Despite a warning coming from China not to start any trouble at the South China Sea (SCS), the United States yesterday maintained it would continue its operations there under international laws.
“The United States will fly, sail and operate everywhere international law allows. That’s it. I wish we had a longer statement for you, that’s the simple truth,” Lt Gen Eric Smith, commander of the Japan-based US 3rd Marine Expeditionary Forces, said at a news briefing after the Balikatan (shoulder-to-shoulder) war drills’ closing ceremony at Camp Aguinaldo in Quezon City.
The US made the stand after Chinese Foreign Ministry spokesman Lu Kang said Beijing was hoping that “nonregional forces” would refrain from “stirring up trouble” within the contested South China Sea (West Philippine Sea).
Lt Gen Gilbert Gapay, commander of the military’s Southern Luzon Command and the Balikatan director for the Philippines, said the presence of US forces in the West Philippine Sea was part of the yearly war exercises.
Gapay added that for Balikatan 2019, there was an “increase” when it came to the participation of several countries.
According to him, there was a 30% jump in personnel and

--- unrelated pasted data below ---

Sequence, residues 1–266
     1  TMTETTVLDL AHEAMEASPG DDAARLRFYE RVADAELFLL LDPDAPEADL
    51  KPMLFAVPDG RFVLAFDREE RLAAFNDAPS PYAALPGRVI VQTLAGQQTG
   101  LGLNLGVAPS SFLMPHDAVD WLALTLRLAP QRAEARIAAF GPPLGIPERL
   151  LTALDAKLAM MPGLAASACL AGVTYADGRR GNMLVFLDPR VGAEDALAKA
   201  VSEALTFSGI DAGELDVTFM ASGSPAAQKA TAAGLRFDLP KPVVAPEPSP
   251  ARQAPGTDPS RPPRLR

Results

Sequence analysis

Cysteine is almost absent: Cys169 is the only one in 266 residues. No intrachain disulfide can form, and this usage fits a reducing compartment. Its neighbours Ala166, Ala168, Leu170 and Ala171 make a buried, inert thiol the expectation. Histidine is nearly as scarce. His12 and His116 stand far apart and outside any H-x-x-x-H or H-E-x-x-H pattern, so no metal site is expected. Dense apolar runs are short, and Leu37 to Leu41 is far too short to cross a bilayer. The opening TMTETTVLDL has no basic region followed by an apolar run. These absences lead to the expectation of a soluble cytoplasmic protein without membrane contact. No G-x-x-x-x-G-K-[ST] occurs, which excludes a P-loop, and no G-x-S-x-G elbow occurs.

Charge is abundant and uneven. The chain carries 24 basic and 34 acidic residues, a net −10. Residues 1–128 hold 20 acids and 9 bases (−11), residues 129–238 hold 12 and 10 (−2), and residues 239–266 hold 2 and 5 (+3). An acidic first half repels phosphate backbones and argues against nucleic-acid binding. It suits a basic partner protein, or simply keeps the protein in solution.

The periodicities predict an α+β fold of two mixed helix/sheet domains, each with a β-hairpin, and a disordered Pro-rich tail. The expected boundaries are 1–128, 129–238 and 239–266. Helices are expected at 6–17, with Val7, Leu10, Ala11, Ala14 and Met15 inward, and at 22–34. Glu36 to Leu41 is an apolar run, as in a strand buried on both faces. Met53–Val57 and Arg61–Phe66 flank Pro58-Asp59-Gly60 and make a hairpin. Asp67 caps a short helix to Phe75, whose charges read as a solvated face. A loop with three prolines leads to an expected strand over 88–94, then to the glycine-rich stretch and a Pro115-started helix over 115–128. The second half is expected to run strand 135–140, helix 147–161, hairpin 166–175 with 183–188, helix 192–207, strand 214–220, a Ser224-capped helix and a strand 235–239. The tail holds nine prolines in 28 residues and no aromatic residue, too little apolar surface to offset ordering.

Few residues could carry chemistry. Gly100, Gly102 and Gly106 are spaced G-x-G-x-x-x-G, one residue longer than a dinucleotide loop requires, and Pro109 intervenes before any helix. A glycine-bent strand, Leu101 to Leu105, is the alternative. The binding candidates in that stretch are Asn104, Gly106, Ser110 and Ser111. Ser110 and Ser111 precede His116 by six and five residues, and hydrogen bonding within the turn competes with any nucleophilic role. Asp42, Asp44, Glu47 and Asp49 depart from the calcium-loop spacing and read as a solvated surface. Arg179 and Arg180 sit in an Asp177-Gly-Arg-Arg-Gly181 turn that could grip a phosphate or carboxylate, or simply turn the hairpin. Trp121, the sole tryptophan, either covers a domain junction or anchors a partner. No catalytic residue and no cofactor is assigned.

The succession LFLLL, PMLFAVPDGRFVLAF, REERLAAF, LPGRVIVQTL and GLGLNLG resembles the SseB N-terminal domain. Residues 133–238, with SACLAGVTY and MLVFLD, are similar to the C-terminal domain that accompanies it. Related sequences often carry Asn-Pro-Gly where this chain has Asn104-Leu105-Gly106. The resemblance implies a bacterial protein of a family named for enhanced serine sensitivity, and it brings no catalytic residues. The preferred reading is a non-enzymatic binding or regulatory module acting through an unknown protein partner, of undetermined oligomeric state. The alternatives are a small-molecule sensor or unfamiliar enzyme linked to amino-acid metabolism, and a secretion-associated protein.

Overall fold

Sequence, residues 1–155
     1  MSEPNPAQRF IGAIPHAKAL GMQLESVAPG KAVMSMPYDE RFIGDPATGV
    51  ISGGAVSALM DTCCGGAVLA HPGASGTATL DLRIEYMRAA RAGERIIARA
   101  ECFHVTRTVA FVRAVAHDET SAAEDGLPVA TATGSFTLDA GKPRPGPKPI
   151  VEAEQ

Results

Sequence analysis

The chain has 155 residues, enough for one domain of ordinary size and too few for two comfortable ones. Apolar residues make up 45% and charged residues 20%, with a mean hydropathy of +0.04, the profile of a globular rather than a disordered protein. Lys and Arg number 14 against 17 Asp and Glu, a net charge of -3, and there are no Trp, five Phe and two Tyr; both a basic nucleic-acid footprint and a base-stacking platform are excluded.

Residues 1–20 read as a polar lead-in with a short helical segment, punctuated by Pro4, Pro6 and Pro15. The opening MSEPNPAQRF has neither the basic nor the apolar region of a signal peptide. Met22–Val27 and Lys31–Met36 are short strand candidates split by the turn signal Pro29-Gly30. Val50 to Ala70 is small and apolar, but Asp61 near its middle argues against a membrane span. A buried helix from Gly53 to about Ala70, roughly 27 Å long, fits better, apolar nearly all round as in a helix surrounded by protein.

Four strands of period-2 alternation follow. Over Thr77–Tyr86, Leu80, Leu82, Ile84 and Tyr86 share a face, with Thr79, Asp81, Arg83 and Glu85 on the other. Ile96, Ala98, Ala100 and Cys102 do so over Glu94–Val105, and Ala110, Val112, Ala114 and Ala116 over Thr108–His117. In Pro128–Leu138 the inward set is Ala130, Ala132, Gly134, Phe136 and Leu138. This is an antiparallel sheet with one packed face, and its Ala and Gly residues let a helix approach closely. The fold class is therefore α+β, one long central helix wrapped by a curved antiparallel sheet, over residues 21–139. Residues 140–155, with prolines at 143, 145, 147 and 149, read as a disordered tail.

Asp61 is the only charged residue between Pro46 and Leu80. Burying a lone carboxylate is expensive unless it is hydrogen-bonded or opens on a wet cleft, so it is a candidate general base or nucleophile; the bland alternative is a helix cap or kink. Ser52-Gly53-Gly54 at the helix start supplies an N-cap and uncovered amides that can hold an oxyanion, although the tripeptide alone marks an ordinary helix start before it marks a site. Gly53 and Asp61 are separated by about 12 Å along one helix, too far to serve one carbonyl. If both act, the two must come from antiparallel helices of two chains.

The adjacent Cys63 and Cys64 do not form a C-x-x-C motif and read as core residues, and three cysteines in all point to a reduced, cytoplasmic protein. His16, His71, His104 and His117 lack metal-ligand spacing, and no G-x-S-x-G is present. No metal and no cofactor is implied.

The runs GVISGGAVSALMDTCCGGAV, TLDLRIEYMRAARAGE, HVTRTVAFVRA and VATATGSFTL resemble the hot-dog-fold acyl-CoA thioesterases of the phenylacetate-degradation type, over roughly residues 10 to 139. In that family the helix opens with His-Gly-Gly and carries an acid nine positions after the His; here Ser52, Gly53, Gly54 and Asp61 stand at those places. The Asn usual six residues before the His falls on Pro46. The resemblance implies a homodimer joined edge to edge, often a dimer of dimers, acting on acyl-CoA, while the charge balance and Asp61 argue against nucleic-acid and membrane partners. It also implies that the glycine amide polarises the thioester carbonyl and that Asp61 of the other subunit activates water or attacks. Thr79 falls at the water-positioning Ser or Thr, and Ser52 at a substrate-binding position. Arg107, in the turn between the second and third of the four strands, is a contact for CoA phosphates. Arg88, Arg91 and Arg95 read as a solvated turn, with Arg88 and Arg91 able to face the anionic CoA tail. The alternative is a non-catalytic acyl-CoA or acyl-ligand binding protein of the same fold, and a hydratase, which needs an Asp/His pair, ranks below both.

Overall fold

6% in equipment use.
“The presence is not really to agitate or anything else, but purely for training, so nobody should be alarmed of the presence of all those forces during the Balikatan,” Gapay said in a news briefing.
This year, Washington incorporated for the first time its F-35B Lightning 2 plane on board the USS Wasp for the Balikatan war games.
From humanitarian assistance disaster relief, the 2019 Balikatan military exercises focused on maritime security and counter-terrorism operations, which included drills on amphibious landing and live-fire training.
“We brought everything we could bring because our partnership with the Philippines is so good. This is a partnership and a mutually respectful, beneficial partnership, so I brought everything I can because I get so much out of this training,” Smith said.
Gen. Benjamin Madrigal Jr, Armed Forces of the Philippines chief, said Manila had always been “respective” when it came to actions coming from foreign nations.
“We are all undertaking respective independent actions, we have a good rapport here,” Madrigal told reporters.
“Of course, what we want is continued freedom of navigation within the areas we are covering,” he said.